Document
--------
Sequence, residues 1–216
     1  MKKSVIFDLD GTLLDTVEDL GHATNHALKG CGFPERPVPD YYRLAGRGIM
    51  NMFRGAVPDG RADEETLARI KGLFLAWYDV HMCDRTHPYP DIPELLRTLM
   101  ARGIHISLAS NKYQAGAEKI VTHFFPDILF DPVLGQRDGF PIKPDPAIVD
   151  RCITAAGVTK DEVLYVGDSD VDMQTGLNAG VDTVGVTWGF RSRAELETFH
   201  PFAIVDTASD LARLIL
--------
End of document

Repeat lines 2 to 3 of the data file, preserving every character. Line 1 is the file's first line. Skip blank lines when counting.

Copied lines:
     1  MKKSVIFDLD GTLLDTVEDL GHATNHALKG CGFPERPVPD YYRLAGRGIM
    51  NMFRGAVPDG RADEETLARI KGLFLAWYDV HMCDRTHPYP DIPELLRTLM